As the memories of the cataclysmic events of the fall of 2008 recede, we run the risk of failing to apply their lessons. Many things went wrong, mistakes were made, and important lessons must be learned. One lesson is that we must master the art of dealing with large failing nonbanking institutions.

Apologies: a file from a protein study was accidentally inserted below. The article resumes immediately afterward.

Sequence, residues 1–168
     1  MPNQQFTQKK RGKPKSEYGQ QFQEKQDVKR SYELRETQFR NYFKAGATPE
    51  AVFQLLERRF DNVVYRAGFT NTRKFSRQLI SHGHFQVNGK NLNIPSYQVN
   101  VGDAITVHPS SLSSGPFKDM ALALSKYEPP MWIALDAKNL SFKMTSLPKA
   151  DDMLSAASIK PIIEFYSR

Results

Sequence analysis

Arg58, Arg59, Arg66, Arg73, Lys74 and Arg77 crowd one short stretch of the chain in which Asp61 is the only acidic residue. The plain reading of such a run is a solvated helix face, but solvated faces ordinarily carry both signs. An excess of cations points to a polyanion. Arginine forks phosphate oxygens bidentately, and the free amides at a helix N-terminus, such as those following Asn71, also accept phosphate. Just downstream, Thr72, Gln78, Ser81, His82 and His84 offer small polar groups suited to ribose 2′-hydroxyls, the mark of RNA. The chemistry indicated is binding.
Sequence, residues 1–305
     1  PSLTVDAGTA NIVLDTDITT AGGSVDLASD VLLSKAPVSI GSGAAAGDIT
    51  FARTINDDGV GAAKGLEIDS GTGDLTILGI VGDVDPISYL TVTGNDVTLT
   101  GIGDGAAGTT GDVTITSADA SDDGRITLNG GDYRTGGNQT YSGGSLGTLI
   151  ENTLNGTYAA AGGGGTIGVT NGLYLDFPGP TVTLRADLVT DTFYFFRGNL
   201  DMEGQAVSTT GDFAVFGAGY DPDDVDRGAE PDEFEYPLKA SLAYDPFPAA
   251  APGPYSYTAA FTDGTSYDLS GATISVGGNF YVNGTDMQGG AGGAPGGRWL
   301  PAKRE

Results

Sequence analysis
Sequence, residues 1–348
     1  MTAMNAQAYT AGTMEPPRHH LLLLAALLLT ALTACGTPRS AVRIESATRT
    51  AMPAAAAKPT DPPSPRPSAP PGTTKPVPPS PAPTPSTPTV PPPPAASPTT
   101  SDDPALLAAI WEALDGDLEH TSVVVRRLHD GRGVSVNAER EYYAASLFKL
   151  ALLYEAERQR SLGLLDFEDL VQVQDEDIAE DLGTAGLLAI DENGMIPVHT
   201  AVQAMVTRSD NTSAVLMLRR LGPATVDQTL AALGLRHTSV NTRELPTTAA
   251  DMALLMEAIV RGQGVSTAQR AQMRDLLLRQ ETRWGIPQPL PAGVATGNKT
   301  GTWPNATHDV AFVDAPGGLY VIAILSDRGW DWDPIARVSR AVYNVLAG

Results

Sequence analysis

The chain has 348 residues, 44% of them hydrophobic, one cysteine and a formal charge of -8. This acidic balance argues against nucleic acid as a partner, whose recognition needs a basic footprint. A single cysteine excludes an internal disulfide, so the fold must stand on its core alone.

We have a safety net (maintained by the Federal Reserve and Federal Deposit Insurance Corp.) and an extensive regulatory regime wrapped around depository institutions. But over the past quarter century, much of our financial system moved from regulated banks and thrifts into a relatively unregulated "shadow" banking system. Bankruptcies and bailouts were tried for these large nonbank firms during 2008, and both were found severely lacking. Is this Hobson's choice inevitable when large nonbank financial firms stumble?